Next, the multilayer filter of the image sensor shown in FIG. 1 will be described with reference to FIG.

FIG. 3A shows an example of the transmittance characteristics of a multilayer film reflecting mirror used in a conventional high reflection mirror, and FIG. 3B shows its layer structure. The layer structure in FIG. 3B has a structure in which silicon nitride (SiN) 301 and silicon oxide (SiO 2 ) 302 and 303, which are materials having different refractive indexes, are simply laminated.

  In FIG. 3A, the vertical axis represents the transmittance (%), that is, the ratio to the incidence of light that has passed through the multilayer film, and the horizontal axis represents the wavelength (nm) of the light that is incident on the multilayer film (also the following graphs). The same). The calculation uses a matrix method using a Fresnel coefficient, the number of pairs is 10, the set center wavelength is 550 nm, and only normal incident light is calculated. The optical film thickness nd (n: refractive index of material, d: film thickness of material) of each dielectric constituting the multilayer film is a quarter wavelength (λ / 4) with respect to the set center wavelength (λ). As a result, the reflection band characteristics centered on the set center wavelength are obtained. The reflection bandwidth is determined by the difference in refractive index of the material used, and the bandwidth increases as the difference in refractive index increases. However, with such a configuration, although a wide reflection band can be obtained, it can be said that it is difficult to selectively transmit wavelengths because of the color separation function of R, G, and B.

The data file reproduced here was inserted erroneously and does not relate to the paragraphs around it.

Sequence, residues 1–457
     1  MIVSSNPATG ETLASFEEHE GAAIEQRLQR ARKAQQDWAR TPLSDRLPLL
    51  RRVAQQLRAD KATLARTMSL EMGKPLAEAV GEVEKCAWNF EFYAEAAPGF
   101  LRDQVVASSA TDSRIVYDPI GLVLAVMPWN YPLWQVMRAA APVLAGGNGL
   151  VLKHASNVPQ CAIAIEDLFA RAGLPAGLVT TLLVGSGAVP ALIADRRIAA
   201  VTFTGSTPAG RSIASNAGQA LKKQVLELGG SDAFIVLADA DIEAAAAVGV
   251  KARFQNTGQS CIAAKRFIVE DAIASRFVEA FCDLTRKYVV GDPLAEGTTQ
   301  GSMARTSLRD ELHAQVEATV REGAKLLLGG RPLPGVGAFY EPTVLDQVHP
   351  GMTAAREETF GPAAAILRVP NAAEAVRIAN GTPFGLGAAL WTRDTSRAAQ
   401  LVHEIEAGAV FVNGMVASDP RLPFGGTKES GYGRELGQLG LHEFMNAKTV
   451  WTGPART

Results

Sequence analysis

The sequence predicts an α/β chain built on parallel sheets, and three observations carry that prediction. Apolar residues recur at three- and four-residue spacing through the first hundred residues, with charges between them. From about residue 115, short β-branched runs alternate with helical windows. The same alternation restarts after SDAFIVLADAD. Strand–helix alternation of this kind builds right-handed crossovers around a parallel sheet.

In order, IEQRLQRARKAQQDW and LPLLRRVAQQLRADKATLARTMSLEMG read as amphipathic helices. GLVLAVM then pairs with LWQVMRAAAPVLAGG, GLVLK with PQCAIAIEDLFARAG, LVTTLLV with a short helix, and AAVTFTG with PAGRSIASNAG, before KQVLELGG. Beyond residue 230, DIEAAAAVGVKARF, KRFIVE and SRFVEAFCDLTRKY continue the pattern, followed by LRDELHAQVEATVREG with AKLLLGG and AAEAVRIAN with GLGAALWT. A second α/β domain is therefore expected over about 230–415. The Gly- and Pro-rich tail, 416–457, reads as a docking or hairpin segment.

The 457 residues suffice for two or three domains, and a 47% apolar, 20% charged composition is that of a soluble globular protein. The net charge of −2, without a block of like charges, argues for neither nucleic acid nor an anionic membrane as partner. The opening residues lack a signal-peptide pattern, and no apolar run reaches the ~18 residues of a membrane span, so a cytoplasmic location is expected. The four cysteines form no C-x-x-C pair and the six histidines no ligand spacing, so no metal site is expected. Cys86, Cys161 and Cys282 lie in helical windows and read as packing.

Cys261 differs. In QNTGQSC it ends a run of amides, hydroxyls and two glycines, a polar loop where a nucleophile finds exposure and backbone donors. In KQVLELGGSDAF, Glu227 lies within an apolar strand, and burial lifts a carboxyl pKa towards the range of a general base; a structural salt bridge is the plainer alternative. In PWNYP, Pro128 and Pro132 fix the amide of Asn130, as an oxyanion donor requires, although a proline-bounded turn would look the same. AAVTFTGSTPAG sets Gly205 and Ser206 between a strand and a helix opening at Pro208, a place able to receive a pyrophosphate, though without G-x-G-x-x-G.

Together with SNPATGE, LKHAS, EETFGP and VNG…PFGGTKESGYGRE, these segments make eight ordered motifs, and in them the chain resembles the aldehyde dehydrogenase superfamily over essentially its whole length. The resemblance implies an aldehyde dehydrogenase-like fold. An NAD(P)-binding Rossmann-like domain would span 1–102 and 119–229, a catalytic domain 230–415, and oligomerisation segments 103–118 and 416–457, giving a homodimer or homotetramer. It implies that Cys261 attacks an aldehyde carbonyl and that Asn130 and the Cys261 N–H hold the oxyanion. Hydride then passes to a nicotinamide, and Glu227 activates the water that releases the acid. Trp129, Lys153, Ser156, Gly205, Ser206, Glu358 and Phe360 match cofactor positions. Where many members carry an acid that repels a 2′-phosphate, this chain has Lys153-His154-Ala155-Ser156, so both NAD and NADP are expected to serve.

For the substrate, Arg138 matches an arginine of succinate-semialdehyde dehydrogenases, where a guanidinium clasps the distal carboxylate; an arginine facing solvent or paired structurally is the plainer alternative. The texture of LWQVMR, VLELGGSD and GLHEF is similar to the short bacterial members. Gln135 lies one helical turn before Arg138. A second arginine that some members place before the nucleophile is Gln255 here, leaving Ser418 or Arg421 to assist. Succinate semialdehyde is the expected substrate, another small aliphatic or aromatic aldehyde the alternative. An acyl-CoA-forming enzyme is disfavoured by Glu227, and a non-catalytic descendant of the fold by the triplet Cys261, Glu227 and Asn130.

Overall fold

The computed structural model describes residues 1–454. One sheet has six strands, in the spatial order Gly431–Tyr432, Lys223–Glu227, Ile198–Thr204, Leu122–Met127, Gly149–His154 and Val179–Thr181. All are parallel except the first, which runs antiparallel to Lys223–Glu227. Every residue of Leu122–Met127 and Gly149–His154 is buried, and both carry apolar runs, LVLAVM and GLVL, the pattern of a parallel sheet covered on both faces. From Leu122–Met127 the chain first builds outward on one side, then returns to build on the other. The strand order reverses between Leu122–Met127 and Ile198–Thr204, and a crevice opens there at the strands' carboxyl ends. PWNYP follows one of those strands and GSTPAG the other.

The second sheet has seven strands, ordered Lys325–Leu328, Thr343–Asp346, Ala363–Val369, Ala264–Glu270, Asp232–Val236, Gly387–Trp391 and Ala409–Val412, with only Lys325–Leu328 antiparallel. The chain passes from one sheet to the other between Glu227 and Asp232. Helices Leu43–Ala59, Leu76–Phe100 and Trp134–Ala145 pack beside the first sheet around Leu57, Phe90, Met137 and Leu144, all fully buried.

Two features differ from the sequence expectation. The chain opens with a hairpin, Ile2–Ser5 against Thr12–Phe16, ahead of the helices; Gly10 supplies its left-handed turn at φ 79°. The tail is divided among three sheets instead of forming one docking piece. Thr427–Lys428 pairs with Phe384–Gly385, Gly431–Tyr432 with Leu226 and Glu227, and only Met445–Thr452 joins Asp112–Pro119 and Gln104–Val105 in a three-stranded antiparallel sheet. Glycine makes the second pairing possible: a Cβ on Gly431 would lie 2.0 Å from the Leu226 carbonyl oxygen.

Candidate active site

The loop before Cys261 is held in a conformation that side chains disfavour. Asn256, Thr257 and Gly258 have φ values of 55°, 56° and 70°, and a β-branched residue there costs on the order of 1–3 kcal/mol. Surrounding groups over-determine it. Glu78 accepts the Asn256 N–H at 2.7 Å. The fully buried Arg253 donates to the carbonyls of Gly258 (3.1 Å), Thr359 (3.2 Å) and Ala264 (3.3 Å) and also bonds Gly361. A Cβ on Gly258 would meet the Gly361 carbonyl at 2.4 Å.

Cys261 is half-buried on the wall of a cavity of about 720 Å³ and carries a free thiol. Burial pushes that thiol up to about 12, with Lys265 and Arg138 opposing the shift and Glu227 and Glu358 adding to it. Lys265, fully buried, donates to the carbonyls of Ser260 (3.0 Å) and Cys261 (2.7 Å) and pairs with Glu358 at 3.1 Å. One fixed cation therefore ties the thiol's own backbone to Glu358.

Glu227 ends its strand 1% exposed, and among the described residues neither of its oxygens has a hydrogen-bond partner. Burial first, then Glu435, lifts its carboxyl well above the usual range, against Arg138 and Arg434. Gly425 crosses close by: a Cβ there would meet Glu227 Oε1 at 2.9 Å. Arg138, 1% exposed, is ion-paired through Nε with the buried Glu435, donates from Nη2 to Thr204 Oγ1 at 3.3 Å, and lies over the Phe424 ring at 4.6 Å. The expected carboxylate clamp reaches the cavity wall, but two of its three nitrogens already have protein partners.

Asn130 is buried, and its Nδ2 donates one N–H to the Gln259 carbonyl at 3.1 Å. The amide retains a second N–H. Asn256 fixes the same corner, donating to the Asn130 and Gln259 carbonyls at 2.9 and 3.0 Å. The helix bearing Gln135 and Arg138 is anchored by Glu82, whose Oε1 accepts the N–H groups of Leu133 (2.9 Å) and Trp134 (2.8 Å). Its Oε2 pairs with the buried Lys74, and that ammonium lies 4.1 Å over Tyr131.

On the other hand, FIG. 3C shows an example of the transmittance characteristic of the multilayer filter according to one embodiment of the present invention, and FIG. 3D shows the layer structure. In the layer structure of FIG. 3D, the upper reflector 305 and the lower reflector 306 made of λ / 4 film face each other symmetrically with the spacer layer 304 as the center. As a result, as shown in FIG. 3C, a transmission band is selectively formed in the reflection band. Further, by changing the thickness of the spacer layer 304, the transmission peak wavelength can be changed.

  That is, in this embodiment, an upper reflector and a lower reflector having the same layer structure are provided as the filter structure, and the transmission band is set depending on the presence or absence of the filter layer sandwiched between them or the difference in the optical film thickness. Change. This filter structure makes it easy to form filters with different characteristics on the same chip. In addition, by adopting such a filter structure, the number of process steps can be reduced in the semiconductor wafer process for manufacturing the imaging device, and there is an advantage that the imaging device can be mass-produced at a low cost.